Meaning "submerged crocodile" in Yucatan Mayan, Lamanai is perhaps the most fascinating of all of Mayan sites in Belize if only because it is not yet completely uncovered. See history in the making as you visiting the excavation site, and prepare yourself for amazement when you realize that the hill you're looking at is actually a temple, still buried underground.
The temples you do get see, however, are equally incredible. Rising all the way from the jungle floor to above the canopy, study the amazing carvings and other examples of Mayan architecture in these astounding structures.
If you're feeling daring, venture to the top of El Castillo, one of the larger temples, by way of a narrow set of steps and a rope. The view of the jungle from the top is one-of-a-kind, and after climbing the 100ft (30m) to the top, it will be well worth it.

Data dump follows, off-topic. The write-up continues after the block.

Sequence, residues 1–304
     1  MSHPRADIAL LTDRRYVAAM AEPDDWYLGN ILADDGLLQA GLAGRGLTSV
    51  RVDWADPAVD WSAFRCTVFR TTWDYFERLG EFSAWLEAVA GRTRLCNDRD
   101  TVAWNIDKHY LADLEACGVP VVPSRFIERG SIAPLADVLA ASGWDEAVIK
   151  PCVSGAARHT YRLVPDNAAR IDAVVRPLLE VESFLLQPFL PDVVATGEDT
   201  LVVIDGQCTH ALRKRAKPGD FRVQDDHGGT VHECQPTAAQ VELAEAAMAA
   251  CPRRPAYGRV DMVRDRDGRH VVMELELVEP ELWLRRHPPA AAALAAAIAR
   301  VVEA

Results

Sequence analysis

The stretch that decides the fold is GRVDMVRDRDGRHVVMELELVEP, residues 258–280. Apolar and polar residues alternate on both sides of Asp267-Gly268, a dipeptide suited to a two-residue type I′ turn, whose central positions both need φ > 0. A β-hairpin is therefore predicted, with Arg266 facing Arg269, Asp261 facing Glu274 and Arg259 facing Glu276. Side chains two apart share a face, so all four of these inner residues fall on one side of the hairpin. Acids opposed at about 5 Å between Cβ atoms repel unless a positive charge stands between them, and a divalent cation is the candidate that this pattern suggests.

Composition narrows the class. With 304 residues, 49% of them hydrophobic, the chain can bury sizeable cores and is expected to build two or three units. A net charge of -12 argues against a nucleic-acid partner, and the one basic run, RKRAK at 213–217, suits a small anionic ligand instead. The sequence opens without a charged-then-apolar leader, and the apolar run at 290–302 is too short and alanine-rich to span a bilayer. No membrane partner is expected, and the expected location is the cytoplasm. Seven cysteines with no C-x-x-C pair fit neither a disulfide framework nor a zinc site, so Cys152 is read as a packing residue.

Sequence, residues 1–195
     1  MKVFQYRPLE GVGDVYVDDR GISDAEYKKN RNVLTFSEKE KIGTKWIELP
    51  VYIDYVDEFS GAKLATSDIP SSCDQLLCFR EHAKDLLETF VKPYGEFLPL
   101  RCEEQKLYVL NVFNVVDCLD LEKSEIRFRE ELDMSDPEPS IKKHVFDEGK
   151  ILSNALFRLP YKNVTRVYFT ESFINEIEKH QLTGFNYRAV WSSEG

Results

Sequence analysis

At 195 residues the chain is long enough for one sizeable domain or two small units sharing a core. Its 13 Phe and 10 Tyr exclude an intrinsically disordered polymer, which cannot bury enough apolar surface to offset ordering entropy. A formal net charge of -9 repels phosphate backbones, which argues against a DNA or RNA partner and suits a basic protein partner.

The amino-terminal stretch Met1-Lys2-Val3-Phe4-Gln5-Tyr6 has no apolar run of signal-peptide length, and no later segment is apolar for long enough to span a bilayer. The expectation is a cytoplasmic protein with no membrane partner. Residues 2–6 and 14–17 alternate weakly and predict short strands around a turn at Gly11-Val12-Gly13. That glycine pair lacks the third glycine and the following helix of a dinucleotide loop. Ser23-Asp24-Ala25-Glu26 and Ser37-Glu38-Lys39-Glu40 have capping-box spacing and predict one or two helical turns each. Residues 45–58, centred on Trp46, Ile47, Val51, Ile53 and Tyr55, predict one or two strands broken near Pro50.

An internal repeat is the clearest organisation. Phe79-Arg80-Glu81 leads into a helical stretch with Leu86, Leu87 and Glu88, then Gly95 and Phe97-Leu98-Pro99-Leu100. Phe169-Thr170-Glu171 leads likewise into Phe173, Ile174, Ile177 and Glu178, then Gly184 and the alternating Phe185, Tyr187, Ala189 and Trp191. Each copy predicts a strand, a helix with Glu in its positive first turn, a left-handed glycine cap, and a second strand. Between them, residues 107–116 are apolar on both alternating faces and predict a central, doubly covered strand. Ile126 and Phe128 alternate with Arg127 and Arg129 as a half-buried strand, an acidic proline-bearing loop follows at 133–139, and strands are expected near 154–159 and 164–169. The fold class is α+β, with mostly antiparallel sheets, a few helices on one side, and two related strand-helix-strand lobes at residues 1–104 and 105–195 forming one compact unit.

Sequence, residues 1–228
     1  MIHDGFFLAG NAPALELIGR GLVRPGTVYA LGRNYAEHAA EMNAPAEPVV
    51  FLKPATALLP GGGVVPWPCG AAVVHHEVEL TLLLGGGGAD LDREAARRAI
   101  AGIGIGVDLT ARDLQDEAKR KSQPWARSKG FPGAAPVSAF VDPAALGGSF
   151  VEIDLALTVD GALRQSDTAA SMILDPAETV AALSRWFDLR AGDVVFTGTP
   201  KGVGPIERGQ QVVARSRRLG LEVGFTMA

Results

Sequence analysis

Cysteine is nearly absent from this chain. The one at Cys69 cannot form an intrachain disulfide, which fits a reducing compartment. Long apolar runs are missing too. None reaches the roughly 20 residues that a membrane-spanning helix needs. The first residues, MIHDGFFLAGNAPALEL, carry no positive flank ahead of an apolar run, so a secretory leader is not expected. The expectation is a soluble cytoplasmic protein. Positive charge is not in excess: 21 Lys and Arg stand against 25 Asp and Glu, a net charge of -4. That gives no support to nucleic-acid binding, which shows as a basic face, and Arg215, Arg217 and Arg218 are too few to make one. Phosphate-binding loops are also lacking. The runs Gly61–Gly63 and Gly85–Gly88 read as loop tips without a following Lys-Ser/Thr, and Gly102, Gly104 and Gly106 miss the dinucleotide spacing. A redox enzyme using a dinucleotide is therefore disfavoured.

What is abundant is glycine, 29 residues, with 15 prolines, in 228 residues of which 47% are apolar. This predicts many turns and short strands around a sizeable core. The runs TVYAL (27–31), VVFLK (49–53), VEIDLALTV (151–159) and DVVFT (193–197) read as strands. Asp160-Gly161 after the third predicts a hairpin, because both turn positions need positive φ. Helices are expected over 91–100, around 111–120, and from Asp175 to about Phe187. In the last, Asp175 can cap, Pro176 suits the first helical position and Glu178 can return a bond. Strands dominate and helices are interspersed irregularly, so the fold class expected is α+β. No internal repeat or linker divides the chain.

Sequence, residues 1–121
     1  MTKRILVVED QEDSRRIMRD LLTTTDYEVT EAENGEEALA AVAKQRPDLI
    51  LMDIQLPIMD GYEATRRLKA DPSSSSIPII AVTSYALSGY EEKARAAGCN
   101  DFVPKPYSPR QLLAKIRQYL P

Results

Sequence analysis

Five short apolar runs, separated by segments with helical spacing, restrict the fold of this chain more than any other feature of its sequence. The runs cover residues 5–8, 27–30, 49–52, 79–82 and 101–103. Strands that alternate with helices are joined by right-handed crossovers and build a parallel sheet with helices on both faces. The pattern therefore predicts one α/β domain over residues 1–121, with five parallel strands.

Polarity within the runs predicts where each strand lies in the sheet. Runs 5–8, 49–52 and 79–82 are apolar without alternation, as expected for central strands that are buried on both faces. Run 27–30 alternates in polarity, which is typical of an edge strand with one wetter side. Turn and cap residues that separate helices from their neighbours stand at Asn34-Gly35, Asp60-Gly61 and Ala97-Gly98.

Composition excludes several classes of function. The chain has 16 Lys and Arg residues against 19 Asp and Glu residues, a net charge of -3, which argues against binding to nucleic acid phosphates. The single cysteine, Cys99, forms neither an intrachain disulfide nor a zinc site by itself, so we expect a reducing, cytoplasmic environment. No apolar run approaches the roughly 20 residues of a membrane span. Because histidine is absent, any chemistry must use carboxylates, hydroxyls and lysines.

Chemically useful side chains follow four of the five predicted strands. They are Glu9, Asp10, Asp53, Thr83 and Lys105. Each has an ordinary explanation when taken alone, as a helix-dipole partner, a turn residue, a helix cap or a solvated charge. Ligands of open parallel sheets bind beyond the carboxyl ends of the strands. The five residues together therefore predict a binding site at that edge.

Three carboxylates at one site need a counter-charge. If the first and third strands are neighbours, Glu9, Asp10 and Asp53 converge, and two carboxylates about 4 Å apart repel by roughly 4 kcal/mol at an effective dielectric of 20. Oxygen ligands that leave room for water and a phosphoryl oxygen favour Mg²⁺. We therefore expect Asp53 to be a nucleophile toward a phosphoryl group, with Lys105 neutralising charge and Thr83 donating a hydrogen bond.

It was great. Our guide Vel was funny, knowledgable and has a great eye for spotting crocodiles on the river banks. The riverboat ride and the ruins were beautiful- I highly recommend this.
Van plus boat ride. Three major pyramids. A great guide! Not to be missed.
Our wonderful guide Vel took us on a great journey, giving us a history lesson as well as super boat ride to th Mayan ruins. We fed a spider monkey and saw the howlers!
The easiest and most popular way to reach Lamanai is by the New River from Orange Walk, which is about 25mi (40km) north of the site. It is possible to reach it by road, but the road is difficult to navigate and bumpy, so it is advisable to join a tour group out of Orange Walk. The trip down the river is, in itself, an incredible excursion into the jungle, and passes many small villages along the way.
If you are seeing Belize by cruise ship, a stop in Lamanai is usually offered, so consult your tour package.